Closing schools is not recommended unless the pandemic becomes severe. Janesville schools Superintendent Karen Schulte said the district would close a school if the county health department tells it to.
“They’re the health experts,” Schulte said.
Vaccinations now are under way for seasonal flu. The swine flu vaccine is expected to arrive sometime in October.
Cain from the health department will meet Wednesday with public school officials from around the county to ask them to let some schools be swine flu vaccination centers.
Not every school will be a vaccination site. Cain said her department is looking for at least one school in each school district. Vaccination clinics likely would be after school is out for the day, Cain said.
Cain wants parents to be with their children when they get vaccinated.
The Janesville School District monitors school illness trends and has a response plan for pandemic illness, written last spring during swine flu’s first onslaught.
The district’s plan divides responses into severity levels, from Level 1 when there’s no threat from a virus, to Level 4, the recovery stage after the flu season ends.
Janesville is at Level 2, a preparedness stage, said Mat Haeger, manager of health and safety.
Level 2 includes monitoring the illness absences at four schools spread around the city. If absences exceed 10 percent, that would trigger a Level 3, a more intense response and monitoring of all schools.
But as of last week, Haeger said schools’ absences for illness were normal, 4 percent to 5 percent.
Schulte said if the flu takes out large numbers of teachers, she’d call on substitute teachers and administrators from the central office to fill the gaps.
But what if the flu spreads more widely or becomes more virulent than expected?
Officials say all they can do is plan and hope for the best.
Educators say help from parents is key in fighting the flu. Here’s a list of what parents can do to prepare for this extraordinary flu season, sent to parents in the Evansville School District:
n Plan for child care at home if your child gets sick or their school is dismissed for a at least five school days. Children and adults should stay out of school until at least 24 hours after they no longer have a fever or signs of a fever.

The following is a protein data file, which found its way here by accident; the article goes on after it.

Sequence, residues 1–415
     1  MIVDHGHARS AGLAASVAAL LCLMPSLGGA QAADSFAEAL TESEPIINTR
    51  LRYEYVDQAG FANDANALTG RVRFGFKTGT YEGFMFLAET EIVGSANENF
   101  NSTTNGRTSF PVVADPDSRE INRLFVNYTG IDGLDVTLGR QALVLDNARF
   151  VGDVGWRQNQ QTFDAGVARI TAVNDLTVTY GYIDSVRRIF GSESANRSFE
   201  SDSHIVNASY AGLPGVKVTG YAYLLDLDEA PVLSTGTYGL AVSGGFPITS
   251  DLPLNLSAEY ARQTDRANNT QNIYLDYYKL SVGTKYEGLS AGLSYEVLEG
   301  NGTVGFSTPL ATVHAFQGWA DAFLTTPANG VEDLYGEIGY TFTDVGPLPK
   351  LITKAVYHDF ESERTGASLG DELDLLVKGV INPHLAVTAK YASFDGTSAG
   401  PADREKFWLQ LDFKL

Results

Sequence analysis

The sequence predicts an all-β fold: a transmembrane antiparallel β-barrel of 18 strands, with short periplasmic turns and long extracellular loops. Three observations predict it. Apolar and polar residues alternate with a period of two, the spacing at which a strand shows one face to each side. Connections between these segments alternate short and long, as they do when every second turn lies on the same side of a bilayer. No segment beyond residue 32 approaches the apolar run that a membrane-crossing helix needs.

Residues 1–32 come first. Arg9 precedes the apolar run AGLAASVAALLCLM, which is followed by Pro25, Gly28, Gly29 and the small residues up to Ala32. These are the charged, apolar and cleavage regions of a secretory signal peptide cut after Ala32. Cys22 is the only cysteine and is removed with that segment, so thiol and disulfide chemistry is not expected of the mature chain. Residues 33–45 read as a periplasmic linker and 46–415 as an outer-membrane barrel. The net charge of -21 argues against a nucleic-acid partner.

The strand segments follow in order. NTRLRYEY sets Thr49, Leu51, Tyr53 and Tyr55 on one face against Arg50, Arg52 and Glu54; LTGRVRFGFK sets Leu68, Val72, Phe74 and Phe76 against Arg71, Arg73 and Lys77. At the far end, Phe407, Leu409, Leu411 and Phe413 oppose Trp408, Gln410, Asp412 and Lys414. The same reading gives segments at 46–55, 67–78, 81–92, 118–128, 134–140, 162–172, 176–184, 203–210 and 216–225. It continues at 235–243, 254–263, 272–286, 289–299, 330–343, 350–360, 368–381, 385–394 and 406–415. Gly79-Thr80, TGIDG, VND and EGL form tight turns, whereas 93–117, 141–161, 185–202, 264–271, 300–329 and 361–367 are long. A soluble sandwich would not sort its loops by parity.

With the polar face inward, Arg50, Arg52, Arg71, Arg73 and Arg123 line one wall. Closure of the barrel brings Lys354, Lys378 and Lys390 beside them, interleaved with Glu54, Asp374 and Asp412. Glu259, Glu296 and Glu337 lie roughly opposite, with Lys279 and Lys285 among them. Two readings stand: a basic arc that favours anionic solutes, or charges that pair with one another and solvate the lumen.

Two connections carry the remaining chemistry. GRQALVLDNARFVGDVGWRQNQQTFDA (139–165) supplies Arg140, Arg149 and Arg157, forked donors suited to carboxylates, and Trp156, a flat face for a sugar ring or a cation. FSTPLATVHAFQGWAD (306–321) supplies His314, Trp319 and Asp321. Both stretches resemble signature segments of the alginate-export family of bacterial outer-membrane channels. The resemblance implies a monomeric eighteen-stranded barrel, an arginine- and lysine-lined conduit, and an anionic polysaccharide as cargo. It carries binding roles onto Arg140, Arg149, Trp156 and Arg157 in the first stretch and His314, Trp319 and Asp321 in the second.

-- Plan to monitor the health of the sick child and any other children by checking for fever and other symptoms.
-- Update emergency contact lists.
-- Identify a separate room in the house for care of sick family members. Consider designating a single person as the main caregiver.
-- Pull together games, books, DVDs and other items to keep your family entertained while at home.
-- Talk to your school about their flu pandemic or emergency plan.
-- Get your family vaccinated for seasonal flu and swine flu when vaccines are available.
If the severity of the flu worsens, the Centers for Disease Control may ask that schools do more than what is currently recommended, including:
-- Check students and staff for fever and other symptoms as they arrive at school and send home those who are ill as soon as possible.
-- Ask people at high risk of flu complications to stay home “when a lot of flu is circulating in the community.”
-- Ask students who have an ill household member to stay home for five days from the day the first household member gets sick. This is the time they are most likely to get sick themselves.
-- Increase distance between people. Move desks farther apart, cancel classes that bring together children from different classrooms, hold classes outdoors or discourage use of school buses and public transit.
-- Have people with flu-like illness stay home for at least seven days, even after symptoms cease.
-- Close a school. “Schools that dismiss students should do so for five to seven calendar days and should reassess whether or not to resume classes after that period. Schools that dismiss students should remain open to teachers and staff so they can continue to provide instruction through other means.
“Reactive dismissals might be appropriate when schools are not able to maintain normal functioning—for example, when a significant number and proportion of students have documented fever while at school despite recommendations to keep ill children home.
“Preemptive dismissals can be used proactively to decrease the spread of flu. CDC may recommend preemptive school dismissals if the flu starts to cause severe disease in a significantly larger proportion of those affected.”